When you are young, your human capital (wage-earning) should be integrating into the overall financial plan. When developing the asset allocation, young investors should invest more into stocks due to the fact that human capital is at its highest point. Larry Swedroe explained is his new article, Understanding Different Types of Risk:
We can define human capital as the present value of future income derived from labor. It’s an asset that doesn’t appear on any balance sheet. It’s also an asset that is not tradable like a stock or a bond. Thus, it’s often ignored, at potentially great risk to the individual’s financial goals. How should human capital impact investment decisions?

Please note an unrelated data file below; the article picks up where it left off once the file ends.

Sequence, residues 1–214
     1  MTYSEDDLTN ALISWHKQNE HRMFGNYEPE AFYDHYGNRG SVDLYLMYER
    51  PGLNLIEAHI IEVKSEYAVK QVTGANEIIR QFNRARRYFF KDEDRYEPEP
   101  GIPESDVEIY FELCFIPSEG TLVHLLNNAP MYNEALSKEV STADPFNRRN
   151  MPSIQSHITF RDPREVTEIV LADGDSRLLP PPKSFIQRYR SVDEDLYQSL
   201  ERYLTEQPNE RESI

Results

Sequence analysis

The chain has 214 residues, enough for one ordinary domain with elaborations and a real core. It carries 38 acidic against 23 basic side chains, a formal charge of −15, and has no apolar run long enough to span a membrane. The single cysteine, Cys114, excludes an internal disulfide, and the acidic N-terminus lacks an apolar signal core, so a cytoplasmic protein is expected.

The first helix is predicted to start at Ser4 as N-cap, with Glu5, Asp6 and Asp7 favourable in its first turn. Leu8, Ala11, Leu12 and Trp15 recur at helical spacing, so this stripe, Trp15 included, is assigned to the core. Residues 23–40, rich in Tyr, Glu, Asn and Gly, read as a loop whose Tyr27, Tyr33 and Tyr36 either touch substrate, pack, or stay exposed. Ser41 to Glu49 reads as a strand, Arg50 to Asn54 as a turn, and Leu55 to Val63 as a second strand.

The first point to consider is that, when we are young, human capital is at its highest point. It’s also often the largest asset young individuals have. As we age and accumulate financial assets, and our time remaining in the labor force decreases, the amount of human capital relative to financial assets shrinks. This shift over time should be considered in terms of the asset allocation decision.
When young investors develop the investment portfolios, you should consider having more into stocks with high human capital and longer time in the labor force. As you age, you should gradually shift your asset allocation more into bonds as your time remaining in the labor force decreases.